Questions about ‘modernity’, including assessment of its penetration and reach, dominate scholarly and policy discourse on the Pacific. The relatively late and thin veneer of colonialism is one reason for this. The apparent absence of modernist development is another. What is holding the region back and how might this be remedied? This chapter reviews different answers to this key question. Smallness has been central to each iteration of this discussion. A series of paradoxes loom: the Pacific is too modern and not modern enough; underdeveloped and paradise lost; an ‘ocean of democracy’ and an ‘arc of instability’; a progressive champion of climate change and a conservative bastion of patriarchy. Each characteristic intersects with ‘modernity’ at different points and implies different understandings of size and scale.
Jack Corbett and John Connell
Matthew Flinders, Matthew Wood and Jack Corbett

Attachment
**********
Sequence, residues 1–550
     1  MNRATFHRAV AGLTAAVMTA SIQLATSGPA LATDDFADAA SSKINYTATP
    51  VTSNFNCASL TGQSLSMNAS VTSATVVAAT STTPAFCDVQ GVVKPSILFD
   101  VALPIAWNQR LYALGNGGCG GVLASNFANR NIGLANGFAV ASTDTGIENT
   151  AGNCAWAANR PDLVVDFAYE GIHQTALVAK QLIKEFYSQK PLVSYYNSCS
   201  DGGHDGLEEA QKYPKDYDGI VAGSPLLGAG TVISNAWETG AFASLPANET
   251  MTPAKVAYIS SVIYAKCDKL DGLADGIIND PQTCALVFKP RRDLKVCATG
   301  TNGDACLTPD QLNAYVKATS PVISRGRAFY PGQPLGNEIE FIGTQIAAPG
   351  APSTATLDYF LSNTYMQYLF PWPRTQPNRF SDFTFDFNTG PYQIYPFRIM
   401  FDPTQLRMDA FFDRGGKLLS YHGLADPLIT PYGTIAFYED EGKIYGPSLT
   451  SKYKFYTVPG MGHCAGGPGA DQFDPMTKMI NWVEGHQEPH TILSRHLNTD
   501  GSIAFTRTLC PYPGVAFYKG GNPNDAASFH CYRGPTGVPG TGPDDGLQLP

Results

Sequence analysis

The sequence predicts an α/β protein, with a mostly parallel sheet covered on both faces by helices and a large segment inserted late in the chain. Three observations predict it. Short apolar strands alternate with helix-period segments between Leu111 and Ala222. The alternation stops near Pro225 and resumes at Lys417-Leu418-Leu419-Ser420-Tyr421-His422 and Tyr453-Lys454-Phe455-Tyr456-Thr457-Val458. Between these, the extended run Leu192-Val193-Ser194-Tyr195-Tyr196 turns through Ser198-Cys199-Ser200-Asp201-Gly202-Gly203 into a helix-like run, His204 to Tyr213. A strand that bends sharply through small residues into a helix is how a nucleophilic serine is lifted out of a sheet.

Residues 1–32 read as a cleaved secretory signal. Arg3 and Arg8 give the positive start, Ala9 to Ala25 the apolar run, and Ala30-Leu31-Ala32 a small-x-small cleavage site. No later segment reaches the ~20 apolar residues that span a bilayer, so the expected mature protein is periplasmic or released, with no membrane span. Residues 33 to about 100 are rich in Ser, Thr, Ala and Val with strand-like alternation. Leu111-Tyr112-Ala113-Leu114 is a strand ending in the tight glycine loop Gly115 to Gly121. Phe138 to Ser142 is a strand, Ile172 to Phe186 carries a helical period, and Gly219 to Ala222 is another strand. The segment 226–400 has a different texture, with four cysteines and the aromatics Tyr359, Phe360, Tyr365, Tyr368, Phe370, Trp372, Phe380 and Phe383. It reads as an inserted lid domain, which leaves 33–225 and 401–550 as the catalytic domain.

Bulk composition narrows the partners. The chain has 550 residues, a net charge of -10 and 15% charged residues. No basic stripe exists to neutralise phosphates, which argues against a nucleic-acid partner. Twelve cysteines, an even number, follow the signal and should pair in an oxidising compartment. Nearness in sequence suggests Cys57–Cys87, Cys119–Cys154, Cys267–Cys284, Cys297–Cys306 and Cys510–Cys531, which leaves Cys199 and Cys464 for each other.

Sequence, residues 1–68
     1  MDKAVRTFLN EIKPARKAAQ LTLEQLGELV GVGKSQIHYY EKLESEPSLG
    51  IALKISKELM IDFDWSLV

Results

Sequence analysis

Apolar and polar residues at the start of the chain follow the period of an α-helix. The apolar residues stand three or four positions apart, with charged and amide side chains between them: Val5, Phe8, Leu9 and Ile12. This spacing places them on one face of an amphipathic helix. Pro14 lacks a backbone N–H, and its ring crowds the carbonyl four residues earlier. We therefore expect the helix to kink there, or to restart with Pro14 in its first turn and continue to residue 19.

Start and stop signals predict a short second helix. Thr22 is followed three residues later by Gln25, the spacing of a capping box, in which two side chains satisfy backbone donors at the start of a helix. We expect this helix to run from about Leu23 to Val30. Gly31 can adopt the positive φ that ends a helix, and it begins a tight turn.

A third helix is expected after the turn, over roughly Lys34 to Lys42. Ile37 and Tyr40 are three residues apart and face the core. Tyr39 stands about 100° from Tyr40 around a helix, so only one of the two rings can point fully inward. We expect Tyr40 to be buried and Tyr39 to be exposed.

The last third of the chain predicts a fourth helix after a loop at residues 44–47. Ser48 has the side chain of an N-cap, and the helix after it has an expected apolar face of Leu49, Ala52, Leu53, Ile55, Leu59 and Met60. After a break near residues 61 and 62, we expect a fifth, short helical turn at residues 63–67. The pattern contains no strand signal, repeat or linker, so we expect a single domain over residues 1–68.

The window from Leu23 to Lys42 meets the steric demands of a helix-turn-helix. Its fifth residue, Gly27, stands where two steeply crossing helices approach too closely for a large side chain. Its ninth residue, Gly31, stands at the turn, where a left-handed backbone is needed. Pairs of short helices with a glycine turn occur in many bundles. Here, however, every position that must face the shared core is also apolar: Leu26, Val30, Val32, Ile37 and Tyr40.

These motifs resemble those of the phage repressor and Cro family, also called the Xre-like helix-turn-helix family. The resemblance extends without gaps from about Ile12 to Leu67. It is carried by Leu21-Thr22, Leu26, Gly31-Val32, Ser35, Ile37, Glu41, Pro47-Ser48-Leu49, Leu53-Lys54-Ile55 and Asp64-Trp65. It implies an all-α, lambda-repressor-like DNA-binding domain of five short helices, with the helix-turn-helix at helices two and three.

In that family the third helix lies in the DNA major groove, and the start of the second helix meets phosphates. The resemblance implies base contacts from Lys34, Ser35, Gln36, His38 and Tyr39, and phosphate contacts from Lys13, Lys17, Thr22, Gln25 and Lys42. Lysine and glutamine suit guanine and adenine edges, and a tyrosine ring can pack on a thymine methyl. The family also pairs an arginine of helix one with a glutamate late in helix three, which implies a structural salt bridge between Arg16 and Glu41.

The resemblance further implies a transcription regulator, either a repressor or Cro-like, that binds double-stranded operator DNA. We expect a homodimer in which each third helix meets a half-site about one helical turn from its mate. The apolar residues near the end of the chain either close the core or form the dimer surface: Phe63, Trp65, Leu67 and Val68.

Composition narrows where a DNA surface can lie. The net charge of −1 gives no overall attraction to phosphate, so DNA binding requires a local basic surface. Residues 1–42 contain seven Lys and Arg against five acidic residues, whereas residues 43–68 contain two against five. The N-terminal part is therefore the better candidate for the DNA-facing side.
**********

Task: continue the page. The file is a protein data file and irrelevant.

This chapter offers a critical analysis of current research on anti-politics and links to forms of democratic innovation. We find that ‘anti-politics’ remains a ‘contested’ concept, which to some extent reflects a lack of analytical depth and thinking within the field. We define ‘anti-politics’ as a set of complex and paradoxical sentiments that reject the very basis of liberal representative democratic culture, as it currently functions. We argue anti-politics provides a more significant challenge to democracy than is commonly acknowledged. We develop a fourfold framework that maps onto existing research and dissects specific forms of anti-politics. We show how particular forms of anti-politics challenge basic democratic ‘goods’ supposedly assured by innovative forms of democratic governance. We conclude that without careful consideration, democratic innovations may be little more than cosmetic, tokenistic responses and ultimately prove counter-productive to a far deeper socio-political challenge.